Sometimes we feel hungry at the “wrong” times—between lunch and dinner. It is too early to have dinner, but too hungry to wait until dinner time. Thankfully, in Indonesia, there are many street snacks to rescue your “awkward-time-hunger”. These snacks keep away hunger pangs till meal times!
Hotang is one of the street foods that have become a trend in Jakarta recently. Hotang is abbreviation of “hotdog kentang” (potato hotdog). As the name implies, at a glance Hotang looks like just a hotdog. But it is actually beef or chicken sausage wrapped in flour batter and french fries. It is said that Hotang is a ‘duplicate’ version of South Korean dokkebi hotdog. The huge size of sausage and plentiful potato will surely save you from awkward-time-hunger!
Piscok Meleris a modified version of Pisang Goreng (deep fried banana). The word “Piscok” is abbreviation of “Pisang Cokelat” or chocolate banana, while “Meler” describes the melting chocolate filling. The banana is wrapped in crispy wrap, with chocolate paste and cheese filling. It tastes best when it’s still hot, because the chocolate melts perfectly when you bite it.
Kue Pukis is a familiar snack in Indonesia. It is made from flour, coconut milk, eggs, yeast, and butter. Various toppings such as chocolate, cheese, and ground peanut usually added to the half-circle shaped snack. It is suitable for morning as well as afternoon snacks.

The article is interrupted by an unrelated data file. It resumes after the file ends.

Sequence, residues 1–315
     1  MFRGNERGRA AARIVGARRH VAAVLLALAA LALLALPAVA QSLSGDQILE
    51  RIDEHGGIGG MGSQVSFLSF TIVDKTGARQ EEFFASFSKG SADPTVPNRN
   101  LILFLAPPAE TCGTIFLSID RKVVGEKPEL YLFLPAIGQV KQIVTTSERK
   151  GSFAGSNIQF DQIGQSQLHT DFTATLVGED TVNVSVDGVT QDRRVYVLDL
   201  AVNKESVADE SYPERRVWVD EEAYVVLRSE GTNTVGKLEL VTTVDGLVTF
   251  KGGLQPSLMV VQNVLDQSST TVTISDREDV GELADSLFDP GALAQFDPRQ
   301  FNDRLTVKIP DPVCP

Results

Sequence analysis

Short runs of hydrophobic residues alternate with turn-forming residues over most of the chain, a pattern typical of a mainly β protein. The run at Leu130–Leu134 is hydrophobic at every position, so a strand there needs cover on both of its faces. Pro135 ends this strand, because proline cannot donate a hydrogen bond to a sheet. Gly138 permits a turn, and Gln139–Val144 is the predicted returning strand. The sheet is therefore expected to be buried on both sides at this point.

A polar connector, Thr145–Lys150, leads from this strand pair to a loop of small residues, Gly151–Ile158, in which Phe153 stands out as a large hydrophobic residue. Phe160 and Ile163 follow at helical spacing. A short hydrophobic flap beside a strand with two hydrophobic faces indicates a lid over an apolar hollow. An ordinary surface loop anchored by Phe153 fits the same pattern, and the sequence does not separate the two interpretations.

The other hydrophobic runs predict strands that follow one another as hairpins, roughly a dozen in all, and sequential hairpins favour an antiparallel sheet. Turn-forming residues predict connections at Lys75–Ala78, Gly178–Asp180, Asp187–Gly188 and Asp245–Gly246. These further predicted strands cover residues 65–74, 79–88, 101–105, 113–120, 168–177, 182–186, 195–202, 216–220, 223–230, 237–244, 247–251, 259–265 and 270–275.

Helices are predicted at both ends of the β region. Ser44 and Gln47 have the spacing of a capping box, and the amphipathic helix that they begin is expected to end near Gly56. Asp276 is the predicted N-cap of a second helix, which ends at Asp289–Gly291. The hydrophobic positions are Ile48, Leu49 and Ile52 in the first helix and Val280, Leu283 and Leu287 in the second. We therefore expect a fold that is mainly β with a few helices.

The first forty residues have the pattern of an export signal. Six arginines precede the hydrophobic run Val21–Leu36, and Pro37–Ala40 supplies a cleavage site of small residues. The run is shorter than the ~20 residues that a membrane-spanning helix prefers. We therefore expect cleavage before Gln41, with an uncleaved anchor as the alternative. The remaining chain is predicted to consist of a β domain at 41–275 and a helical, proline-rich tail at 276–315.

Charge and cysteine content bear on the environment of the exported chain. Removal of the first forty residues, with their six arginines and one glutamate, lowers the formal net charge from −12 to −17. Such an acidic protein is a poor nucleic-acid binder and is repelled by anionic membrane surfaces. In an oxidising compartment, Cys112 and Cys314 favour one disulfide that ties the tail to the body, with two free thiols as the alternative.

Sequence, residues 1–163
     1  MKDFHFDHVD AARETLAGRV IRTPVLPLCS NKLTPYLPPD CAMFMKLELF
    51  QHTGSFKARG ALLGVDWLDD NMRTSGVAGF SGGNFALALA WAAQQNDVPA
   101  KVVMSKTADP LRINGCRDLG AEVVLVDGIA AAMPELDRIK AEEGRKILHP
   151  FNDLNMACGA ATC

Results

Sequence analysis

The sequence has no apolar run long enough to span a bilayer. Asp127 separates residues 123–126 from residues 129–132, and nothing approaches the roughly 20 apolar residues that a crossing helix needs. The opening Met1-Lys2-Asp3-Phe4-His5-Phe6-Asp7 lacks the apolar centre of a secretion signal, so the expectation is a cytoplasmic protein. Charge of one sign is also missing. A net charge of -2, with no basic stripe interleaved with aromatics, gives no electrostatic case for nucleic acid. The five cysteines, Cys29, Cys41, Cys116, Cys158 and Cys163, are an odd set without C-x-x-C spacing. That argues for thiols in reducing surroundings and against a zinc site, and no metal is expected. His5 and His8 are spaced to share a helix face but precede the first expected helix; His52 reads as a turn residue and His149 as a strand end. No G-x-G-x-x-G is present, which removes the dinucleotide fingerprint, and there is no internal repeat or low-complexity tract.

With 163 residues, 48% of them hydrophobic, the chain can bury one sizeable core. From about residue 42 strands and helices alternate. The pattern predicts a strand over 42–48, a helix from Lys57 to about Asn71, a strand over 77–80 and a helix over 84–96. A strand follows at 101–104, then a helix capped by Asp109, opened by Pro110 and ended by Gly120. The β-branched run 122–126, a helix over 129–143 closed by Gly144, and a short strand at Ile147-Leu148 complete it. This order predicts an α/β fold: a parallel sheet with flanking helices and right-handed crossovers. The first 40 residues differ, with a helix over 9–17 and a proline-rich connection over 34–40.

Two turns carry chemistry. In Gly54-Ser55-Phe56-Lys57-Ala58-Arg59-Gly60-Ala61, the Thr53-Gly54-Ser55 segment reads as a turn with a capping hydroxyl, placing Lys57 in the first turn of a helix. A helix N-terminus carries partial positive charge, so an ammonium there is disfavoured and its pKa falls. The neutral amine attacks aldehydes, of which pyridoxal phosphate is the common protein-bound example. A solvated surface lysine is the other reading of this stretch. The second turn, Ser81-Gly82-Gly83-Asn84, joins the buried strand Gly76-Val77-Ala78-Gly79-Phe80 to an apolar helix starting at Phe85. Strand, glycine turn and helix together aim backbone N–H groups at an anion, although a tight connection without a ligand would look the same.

Want some healthy snack that low in calories? You can buy Rujak Buah near your office or home. Rujak Buah is Indonesian styled fruit salad, with spicy palm sugar dressing or dipping. The fruits used in Rujak are usually tropical fruit such as Kedondong, raw mangoes, bengkoang, pineapple, unripe papaya, watermelon, and guava. Usually different cities in Indonesia have different kind of dressing or sauce. Some use only palm sugar and chilies, some add ground peanut, some use petis (fermented shrimp paste). Whatever the sauce is, Rujak is one of the healthy snack options that you can find on the street in Indonesia.
Cilok is a very popular street snacks, especially in Jakarta and almost all part of Java. It is steamed snack made from cornstarch and spices, steamed and served with peanut sauce and sweet soy sauce. It looks like meatballs at a glance but Cilok does not contain any meat. It is very easy to find Cilok peddlers around Jakarta.
Bakpao is a type of steamed, filled bun or bread-like item in various Chinese cuisines. Bakpao’s initial recipe used pork, but in Indonesia, people have adapted the Bakpao to be filled with more various fillings such as chocolate, green beans, red beans, chicken, or vegetables. You can find Bakpao peddlers on the roadsides of Jakarta. They usually bring steamer to keep the Bakpao warm when it’s served. Yummy!
Otak-otak is a type of fish cakes that is served with spicy peanut sauce dipping. Otak-otak in Indonesia is mostly made with ikan tenggiri (Spanish mackerel), coconut milk, lemongrass and spices, and is grilled or steamed in banana leaf for added fragrance. In Jakarta you can find Otak-otak stalls setup along the street or near bus stops that cater to passerbys.
These snacks are too heavy to be considered as “light snack” but too light to be considered as heavy meal. That is why they are nice treats during those “emergency times” or when you don’t feel like eating heavy meals.